He is also working on a universal tool to help clinicians quickly identify all information in the EHR that’s relevant to a patient’s presented condition. The goal is to ensure that clinicians can make the right care decision at the right moment.
‘Medical errors are the third-leading cause of death behind heart disease and cancer. I think artificial intelligence has tremendous potential to actually improve the safety of the care we provide our patients.’ – Foster Goss, DO
“Right now, medical errors are the third-leading cause of death behind heart disease and cancer,” Goss said. “So, I think artificial intelligence has tremendous potential to actually improve the safety of the care we provide our patients.”
Meanwhile, Smith and a large team of personalized-medicine experts are researching ways to improve therapies for acute myeloid leukemia (AML), a disease that went decades without a significant advance in treatment, and other blood disorders.
Progress was recently made on a novel new therapy, fueled by combining clinical data with new information about cancer cells, and the campus continues to make great strides in other areas of personalized medicine.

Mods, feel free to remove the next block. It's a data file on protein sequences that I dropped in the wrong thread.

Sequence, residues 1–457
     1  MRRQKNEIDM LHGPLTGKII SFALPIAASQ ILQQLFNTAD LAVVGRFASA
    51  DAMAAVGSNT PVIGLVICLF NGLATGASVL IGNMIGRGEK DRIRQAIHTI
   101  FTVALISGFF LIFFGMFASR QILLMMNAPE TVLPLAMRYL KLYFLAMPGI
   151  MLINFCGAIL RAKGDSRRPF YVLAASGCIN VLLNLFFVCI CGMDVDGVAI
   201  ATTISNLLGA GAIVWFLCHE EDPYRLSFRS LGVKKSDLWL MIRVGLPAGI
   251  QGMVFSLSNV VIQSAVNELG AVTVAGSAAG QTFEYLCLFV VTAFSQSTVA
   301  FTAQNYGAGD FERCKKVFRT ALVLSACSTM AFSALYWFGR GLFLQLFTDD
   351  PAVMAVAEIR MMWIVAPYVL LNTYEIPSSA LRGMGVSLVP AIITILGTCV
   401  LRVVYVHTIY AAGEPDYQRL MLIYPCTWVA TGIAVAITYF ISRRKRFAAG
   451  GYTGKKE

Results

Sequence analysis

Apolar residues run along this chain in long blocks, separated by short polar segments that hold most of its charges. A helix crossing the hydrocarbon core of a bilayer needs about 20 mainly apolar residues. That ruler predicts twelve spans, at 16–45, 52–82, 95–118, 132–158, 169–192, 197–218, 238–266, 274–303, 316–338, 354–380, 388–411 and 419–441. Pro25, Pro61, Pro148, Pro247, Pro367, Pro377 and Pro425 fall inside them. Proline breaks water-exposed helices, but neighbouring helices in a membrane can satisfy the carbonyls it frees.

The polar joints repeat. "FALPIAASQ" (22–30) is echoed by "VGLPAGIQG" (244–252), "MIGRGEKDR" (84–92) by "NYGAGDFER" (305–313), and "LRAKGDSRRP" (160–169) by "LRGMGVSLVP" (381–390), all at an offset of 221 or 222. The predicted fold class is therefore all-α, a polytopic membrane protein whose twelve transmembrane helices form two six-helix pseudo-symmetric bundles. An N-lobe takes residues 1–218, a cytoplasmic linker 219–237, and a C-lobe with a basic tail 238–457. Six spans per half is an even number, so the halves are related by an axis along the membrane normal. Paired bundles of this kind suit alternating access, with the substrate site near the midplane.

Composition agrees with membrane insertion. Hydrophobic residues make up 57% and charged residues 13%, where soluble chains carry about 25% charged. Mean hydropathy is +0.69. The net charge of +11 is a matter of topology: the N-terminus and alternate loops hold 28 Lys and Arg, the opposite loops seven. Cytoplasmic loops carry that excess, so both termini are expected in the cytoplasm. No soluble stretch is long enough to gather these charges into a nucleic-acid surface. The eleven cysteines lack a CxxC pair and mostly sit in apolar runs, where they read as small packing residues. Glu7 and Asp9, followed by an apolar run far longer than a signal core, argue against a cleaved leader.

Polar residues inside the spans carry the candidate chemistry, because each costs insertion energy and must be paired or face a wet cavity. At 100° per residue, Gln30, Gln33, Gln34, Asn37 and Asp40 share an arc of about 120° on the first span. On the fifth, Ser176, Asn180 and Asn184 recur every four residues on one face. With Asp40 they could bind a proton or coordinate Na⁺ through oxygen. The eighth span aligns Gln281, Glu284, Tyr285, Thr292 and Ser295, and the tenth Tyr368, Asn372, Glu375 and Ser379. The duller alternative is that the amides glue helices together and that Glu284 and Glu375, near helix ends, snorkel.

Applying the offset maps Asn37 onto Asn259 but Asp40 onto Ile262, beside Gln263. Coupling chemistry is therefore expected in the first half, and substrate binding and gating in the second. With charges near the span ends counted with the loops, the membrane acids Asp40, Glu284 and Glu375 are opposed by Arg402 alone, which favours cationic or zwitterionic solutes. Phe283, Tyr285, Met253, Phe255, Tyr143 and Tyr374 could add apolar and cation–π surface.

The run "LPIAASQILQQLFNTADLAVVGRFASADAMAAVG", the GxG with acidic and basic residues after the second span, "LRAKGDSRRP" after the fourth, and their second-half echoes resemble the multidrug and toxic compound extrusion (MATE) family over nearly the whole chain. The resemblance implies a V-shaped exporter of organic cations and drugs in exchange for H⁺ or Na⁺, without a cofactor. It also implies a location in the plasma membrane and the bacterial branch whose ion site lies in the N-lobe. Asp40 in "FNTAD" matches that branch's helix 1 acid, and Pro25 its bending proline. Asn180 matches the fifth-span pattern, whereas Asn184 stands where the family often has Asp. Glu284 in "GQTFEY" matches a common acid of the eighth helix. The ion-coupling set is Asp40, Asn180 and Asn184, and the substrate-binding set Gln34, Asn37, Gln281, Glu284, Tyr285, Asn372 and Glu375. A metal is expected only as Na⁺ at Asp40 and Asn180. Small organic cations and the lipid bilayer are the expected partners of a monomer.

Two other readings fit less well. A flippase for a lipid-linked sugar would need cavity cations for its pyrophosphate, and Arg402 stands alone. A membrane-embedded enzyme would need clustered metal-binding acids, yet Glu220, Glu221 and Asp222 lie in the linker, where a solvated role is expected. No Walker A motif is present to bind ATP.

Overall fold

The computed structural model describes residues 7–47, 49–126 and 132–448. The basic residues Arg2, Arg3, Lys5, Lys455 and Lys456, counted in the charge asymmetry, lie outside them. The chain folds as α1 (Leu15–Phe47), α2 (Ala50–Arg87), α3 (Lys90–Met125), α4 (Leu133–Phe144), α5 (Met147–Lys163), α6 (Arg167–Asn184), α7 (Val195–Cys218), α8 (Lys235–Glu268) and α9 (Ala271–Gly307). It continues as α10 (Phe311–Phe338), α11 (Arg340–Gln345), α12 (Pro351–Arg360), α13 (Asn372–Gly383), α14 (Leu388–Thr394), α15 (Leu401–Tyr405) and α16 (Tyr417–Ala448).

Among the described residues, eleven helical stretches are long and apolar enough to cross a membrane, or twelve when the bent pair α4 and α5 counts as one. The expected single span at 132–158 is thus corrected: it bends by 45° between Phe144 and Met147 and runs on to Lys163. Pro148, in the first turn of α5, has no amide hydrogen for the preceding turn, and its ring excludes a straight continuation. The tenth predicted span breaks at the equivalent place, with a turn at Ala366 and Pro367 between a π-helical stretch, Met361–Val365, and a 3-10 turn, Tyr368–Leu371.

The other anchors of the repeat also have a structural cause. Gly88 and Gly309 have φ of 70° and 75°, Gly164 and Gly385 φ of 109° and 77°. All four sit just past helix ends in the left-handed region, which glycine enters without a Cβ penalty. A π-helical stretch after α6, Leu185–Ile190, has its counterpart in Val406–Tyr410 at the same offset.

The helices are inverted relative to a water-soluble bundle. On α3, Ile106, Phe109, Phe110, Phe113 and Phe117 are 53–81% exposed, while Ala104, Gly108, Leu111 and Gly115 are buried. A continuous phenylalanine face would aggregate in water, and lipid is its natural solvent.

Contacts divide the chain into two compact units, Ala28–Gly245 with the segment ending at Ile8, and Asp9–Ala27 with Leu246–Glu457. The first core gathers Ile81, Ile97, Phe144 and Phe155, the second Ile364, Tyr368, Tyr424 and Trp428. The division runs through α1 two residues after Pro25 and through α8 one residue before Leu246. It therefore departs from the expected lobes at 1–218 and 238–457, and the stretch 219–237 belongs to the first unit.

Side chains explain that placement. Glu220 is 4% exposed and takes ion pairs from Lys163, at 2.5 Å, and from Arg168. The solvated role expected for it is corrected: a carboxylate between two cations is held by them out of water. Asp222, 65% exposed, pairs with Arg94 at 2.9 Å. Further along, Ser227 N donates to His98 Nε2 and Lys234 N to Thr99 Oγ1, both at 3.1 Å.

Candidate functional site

“Chancellor Don Elliman and others here have had the foresight to build such an environment, a compass where we can marry this data together, and then layer on top of it the tools that allow people to analyze the data, visualize the data, and then hopefully give us quick and accurate answers,” Smith said.
Smith noted that the marriage of data and health care knowledge is a “team sport” and requires a diverse group of experts, which exists in spades at CU Anschutz. “That’s the key for all this moving forward,” he said. “This is not an electronic-record problem, it’s not a statistics problem, it’s not a doctor problem. It’s a problem that’s only going to be addressed effectively by a big team of people who have all of these disciplines and can work well together.”
The panel answered questions from the audience, including a query on ways the campus should incorporate AI training into its health care curricula. Hunter said the curricula should be agile enough to adapt to the fast-changing technological environment. As a baseline, the curricula should educate students about the errors that may occur in AI. Beyond that, he said, the curricula could offer, for interested students, a deeper dive into the theories behind AI.
“I do think there is a baseline that ought to end up in the curriculum,” Hunter said. “We don’t have that yet.”
All of the panelists agreed that, ultimately, human capabilities and machine-based technologies must be married in complementary fashion. It’s an exciting time, they said, and the health care advancements will be for the better, but they will arrive incrementally.
“When we have these cool new technologies, we have to figure out where do they actually help in medicine?” Hunter said. “Where are the places we know we could do better, and is there a technology that could help us?”